Far-right extremist Anders Breivik, who killed 77 people in 2011, has parole request rejected

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By Euronews  with AP, AFP
Convicted mass murderer Anders Behring Breivik sits in the makeshift courtroom in Skien prison on the second day of his parole hearing, Norway, Jan. 19, 2022.
Convicted mass murderer Anders Behring Breivik sits in the makeshift courtroom in Skien prison on the second day of his parole hearing, Norway, Jan. 19, 2022.   -   Copyright  Ole Berg-Rusten/NTB scanpix via AP

The Norwegian judiciary on Tuesday rejected a request by neo-Nazi Anders Behring Breivik for parole just 10 years after he killed 77 people in the Nordic country.

"There is a clear risk that (Breivik) will return to the behaviour that led to the July 22 terrorist attacks," the Telemark District Court ruled, rejecting the request for release.

As Breivik has never shown remorse after perpetrating the bloodiest crime ever committed in Norway in peacetime, this court decision was widely expected.

On 22 July 2011, he first detonated a bomb near the government headquarters in Oslo, killing eight people, and then killed 69 others, mostly teenagers, by opening fire on a Labour Youth summer camp on the island of Utøya.

The 42-year-old right-wing extremist was sentenced in 2012 to 21 years in prison, the maximum sentence that can be extended for as long as he remains a threat to society.

The verdict had a minimum period of ten years, after which he could apply for parole.

He sought parole at a hearing held from the 18th to 20th of January, for security reasons, in the gymnasium of Skien prison (south), where he is incarcerated

During the hearing, prosecutor Hulda Karlsdottir argued Breivik still is “a very dangerous man” and “has not shown any genuine remorse in court.”

A psychiatrist who has observed him since 2012, testified that Breivik can’t be trusted and her assessments carried out in 2013, 2017 and 2021 were still valid.

She wrote in her last assessment, released on 17 February 2021: "I believe that Breivik's statistical risk of violence in the event of a parole is now high. His background counts a lot, but his lack of insight into his own situation and total unrealistic thoughts about life as a parolee are absolutely essential in this assessment.".

A prison official also told the hearing that “there is an imminent danger” that, if released, Breivik would again commit serious crimes.

Breivik, meanwhile, told the hearing that he had been "brainwashed" into committing the terrorist acts, that he acted as a soldier and that responsibility for the attacks lies with those who gave the order. He argued that this is why he feels no guilt.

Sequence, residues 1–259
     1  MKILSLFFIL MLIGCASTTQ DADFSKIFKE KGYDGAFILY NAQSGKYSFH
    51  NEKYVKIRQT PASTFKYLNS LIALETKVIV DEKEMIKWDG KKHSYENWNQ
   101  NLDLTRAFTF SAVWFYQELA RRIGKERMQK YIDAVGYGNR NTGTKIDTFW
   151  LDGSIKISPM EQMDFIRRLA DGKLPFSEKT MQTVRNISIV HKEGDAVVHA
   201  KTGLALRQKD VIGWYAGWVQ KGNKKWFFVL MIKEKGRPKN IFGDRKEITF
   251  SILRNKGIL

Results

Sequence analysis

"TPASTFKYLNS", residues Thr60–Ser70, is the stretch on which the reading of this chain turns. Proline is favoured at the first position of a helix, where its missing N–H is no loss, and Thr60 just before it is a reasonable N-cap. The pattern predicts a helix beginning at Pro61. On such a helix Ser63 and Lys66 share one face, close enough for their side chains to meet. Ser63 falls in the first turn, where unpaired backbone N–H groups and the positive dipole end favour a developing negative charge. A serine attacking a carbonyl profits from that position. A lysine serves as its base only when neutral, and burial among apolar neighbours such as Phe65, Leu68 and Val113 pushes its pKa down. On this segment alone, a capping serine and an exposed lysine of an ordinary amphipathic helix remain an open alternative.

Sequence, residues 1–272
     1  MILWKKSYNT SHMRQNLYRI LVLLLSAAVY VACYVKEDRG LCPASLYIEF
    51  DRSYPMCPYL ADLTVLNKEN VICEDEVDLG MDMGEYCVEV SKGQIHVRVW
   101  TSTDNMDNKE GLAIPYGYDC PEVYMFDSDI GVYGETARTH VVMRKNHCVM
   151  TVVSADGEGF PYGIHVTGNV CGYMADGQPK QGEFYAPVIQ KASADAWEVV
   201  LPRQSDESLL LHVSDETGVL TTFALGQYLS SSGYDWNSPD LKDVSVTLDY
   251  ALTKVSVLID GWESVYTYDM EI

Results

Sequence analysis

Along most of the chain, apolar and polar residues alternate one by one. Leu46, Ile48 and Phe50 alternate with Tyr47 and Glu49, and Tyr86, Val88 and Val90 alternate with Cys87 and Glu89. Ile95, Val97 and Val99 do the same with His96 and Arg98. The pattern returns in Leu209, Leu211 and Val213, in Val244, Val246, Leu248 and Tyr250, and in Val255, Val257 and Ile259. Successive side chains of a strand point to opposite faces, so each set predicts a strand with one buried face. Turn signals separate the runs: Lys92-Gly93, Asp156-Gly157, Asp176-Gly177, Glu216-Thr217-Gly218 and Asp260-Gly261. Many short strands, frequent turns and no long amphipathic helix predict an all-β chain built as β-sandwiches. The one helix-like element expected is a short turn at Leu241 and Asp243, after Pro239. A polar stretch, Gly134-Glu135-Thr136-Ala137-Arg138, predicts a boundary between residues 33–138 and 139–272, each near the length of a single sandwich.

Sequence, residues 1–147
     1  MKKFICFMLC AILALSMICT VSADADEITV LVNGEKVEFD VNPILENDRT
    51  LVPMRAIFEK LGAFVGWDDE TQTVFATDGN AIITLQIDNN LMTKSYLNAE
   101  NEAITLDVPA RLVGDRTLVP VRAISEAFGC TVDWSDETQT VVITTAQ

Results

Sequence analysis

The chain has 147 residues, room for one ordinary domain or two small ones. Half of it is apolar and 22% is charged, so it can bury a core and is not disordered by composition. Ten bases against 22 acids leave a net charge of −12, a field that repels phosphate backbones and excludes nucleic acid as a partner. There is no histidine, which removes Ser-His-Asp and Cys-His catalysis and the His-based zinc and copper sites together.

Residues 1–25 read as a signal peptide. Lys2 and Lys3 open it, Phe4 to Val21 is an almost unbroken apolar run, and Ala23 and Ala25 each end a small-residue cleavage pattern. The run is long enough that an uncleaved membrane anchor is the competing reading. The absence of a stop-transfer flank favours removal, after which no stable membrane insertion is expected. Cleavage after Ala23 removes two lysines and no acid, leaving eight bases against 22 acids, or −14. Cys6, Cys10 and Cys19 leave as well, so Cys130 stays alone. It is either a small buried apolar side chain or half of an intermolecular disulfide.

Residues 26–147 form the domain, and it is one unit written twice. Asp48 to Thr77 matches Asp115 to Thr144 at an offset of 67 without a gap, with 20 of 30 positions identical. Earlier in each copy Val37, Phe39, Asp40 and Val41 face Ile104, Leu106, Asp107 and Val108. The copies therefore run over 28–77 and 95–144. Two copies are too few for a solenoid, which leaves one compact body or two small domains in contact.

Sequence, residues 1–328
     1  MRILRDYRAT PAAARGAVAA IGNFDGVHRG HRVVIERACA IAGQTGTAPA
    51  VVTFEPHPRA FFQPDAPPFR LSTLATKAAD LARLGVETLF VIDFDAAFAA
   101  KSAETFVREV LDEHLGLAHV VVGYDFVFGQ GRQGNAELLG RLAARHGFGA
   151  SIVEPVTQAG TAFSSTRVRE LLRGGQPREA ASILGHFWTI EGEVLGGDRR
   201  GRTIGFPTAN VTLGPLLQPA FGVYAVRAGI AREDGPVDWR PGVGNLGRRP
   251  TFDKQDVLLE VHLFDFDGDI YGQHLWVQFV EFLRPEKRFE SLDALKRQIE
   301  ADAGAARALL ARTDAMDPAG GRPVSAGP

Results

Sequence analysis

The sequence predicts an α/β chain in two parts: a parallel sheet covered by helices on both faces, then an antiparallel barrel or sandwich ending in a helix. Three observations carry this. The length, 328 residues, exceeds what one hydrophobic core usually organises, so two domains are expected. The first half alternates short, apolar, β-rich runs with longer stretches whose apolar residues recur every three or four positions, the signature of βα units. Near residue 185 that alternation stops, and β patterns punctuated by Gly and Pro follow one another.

He added that his ideological position remains unchanged from 2011 but that he would now aim to spread his views "by peaceful means" and claimed that an agreement between him and the country's political leadership would help resolve what he described as an ongoing culture war. He also said that he had comprehensive business plans to turn his name into a "brand name".

The ruling stated however that he "showed no visible remorse" and that his claim to be following orders did not hold up.

"Who gave the order and how the order was given is so diffuse that it is not possible to believe that the accused himself believes in this," the ruling states.

He also reiterated his belief that the people he killed on the island of Utoya were in a "leadership position" — despite most of the victims being children — and that a genocide based on race is currently ongoing.

"He still wants radical changes of society and he wants to work actively for his views. He appeared confused with thoughts of greatness about himself and his own position in society. Both as a kind of negotiator and broker with heads of state and as one who has large crowds of sympathisers. He also presented a comprehensive business model with himself at the centre, a model that seems to miss any kind of realism," the ruling said.

Breivik's lawyer Øystein Storrvik said his client should be released to prove that he is reformed and no longer a threat to society, and that is not possible to prove while he is in total isolation.

Storrvik called it “a paradox that a person is treated so badly in prison that he never gets better. He never gets out.”